BY EMMALY WIEDERHOLT
I’ve been busy during the coronavirus quarantine building a path from the front of my house around the side to the back, where I have a small dance studio. My house is not wheelchair accessible, but the studio is, with a ramp leading up to it. So I bought a bunch of brickface and have been installing a 36” wide path around the house to the ramp in the hopes that, after the coronavirus danger is over, any friends who might want to come dance in my studio could access it, including friends who use wheelchairs. Each brickface is heavy; I can place six a day at most, and I’ve had my fair share of cuts, bruises, and broken fingernails. Each brick is also difficult to lay, as the ground in New Mexico is rocky and the soil is hard clay. After about two months of this labor, the end is near, and I’m proud. I consider it my privilege to beautify my space and create better access for others.
In America, we’re in the wake of a crucial coming to terms. Like so many, I am horrified by the recent and ongoing events of police brutality that have rocked our country for the nth time. As a white cis-het able-bodied lady, I wonder what my role is in making the world a more equitable place. I like to think of myself as an ally, but I am not always sure of the best path forward.
The horrible and incontrovertible fact is that some bodies are valued more than others. This has been true throughout human history. I once got in a heated argument with my best friend about whether fundamental human progress is possible. I was arguing that it wasn’t, though I’ve since wondered if I was wrong. Isn’t contraception, the ADA, and legalized gay marriage evidence of progress? On the other hand, isn’t the systemic violence against Black bodies – both in the form of outright terror that George Floyd and so many others experience daily and in the sinister health outcomes that people of color are unproportionally suffering during this coronavirus pandemic – evidence that little real progress has been made?
Theory and reality never have a perfect path between them. I have struggled with how best to show solidarity with the recent protests. In thinking about the episodic violence that has accompanied them, I can understand and empathize with the idea that Black lives are more important than property, and also feel like a hypocrite because I know I would not feel comfortable if my own property – my home or small business – was in danger of being destroyed. Is it enough of a showing of solidarity to post something on social media and then go back to enjoying and protecting my place of privilege? It’s like saying Black bodies and spaces deserve to be heard and valued, but please don’t compromise the wellbeing of my body and space. This incongruity makes me feel deep shame.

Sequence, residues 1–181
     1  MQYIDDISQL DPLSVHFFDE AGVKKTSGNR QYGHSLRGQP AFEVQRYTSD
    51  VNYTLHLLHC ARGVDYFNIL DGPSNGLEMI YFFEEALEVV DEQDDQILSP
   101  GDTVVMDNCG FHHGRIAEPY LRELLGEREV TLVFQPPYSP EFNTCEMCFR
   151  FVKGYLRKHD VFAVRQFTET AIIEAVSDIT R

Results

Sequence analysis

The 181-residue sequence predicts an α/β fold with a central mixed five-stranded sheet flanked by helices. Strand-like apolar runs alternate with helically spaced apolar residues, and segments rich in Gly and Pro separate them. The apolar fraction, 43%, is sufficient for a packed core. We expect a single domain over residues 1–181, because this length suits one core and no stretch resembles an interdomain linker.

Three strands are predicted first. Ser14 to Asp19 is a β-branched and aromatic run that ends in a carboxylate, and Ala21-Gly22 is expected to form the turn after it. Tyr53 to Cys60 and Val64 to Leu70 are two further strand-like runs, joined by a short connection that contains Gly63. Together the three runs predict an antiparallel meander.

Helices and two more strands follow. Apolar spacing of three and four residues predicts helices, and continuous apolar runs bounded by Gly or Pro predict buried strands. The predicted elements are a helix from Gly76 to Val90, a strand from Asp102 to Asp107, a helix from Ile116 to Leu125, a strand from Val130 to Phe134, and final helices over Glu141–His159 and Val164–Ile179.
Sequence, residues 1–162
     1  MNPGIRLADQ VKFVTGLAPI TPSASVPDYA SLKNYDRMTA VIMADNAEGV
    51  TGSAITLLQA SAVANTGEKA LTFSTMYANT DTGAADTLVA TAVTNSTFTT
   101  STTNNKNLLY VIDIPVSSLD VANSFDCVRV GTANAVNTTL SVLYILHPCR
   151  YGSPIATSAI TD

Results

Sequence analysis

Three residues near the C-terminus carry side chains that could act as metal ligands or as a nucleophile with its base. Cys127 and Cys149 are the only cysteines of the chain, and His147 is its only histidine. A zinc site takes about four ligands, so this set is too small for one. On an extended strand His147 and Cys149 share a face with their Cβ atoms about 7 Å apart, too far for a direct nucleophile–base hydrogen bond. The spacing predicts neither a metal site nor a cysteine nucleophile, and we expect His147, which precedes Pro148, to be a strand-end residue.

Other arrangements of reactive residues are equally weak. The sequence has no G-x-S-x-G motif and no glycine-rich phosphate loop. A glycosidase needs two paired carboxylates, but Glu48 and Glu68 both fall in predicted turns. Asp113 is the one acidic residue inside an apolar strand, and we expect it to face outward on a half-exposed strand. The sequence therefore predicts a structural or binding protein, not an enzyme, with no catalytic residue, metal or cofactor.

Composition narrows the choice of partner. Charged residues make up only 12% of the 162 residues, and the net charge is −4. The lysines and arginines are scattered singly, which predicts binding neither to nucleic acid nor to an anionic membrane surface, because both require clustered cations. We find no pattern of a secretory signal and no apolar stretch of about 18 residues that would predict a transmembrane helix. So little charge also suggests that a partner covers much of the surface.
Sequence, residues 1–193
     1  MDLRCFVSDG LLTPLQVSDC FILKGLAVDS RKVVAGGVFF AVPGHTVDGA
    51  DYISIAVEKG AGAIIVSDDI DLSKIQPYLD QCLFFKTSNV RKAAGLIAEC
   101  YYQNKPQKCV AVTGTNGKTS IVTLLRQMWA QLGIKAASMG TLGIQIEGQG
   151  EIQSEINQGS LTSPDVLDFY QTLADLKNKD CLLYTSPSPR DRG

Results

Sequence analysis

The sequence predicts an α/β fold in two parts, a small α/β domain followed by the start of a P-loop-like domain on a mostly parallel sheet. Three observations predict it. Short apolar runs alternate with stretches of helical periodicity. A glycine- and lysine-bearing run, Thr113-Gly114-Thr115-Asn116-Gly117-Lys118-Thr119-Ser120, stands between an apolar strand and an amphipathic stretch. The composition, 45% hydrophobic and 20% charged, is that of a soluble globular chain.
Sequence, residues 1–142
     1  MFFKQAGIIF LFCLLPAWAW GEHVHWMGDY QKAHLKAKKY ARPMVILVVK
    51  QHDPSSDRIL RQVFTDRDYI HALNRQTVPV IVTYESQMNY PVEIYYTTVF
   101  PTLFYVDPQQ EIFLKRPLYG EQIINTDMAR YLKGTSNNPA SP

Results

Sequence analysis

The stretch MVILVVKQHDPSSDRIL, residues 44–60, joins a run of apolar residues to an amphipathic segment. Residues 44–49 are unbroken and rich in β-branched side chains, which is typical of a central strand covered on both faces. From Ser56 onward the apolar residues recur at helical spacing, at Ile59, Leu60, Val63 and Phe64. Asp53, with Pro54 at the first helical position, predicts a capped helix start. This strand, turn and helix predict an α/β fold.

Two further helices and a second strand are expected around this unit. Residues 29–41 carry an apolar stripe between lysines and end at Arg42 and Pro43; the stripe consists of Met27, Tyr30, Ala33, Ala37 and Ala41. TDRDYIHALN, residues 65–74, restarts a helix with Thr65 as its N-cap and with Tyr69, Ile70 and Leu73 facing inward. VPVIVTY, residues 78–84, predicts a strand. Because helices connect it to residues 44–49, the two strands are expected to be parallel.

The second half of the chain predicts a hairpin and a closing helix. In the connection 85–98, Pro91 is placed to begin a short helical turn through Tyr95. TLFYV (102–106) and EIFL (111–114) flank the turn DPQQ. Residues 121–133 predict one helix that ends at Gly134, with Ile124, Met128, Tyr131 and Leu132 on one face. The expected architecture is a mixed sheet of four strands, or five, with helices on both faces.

Some bodies are made to feel more valued than others, and in few spaces is this truer than the dance world. Thin bodies are valued more than fat bodies (just look at any dance poster), able bodies are valued more than disabled bodies (despite the enormous strides that the disability dance community has made in the past decade), and white bodies are still valued more than Black and Brown bodies. If this sad fact weren’t true, Misty Copeland wouldn’t have made news in 2015 for being the first (and still only) Black female principal at ABT. She would just be another awesome dancer.
Over the next two months, Stance on Dance will feature several interviews from the Discussing Disability in Dance Project, a book project I am working on with Silva Laukkanen and Liz Brent-Maldonado. I have loved conducting interviews for this project and challenging myself to contemplate ways our dance community might find value in all bodies. I encourage you to read any/all the interviews here: http://stanceondance.com/discussing-disability-in-dance/ and follow Stance on Dance to stay up to date as new interviews are published. This project has allowed me to understand, for instance, that it’s one thing to say I’m for more representation and opportunities for dance artists with disabilities, and another to build a path allowing that to happen on a micro level in my own backyard. For real change to happen, we have to trek the long hard introspective path assessing the ways we individually and collectively deny people access all the time, signaling our preference for some bodies over others.
As for my garden path, I’m not sure if/when it will be accessed by a wheelchair user. And I worry that the little bumps along the way might make it a bit uncomfortable to roll along. In many ways, it would have been easier to not build the path and just mourn the state of the world for its bouquet of inequalities and eventually move on. Allyship is always an imperfect path but, from my vantage point, attempting to build access – to studios, to social safety nets, and to justice – is the most important work we can do.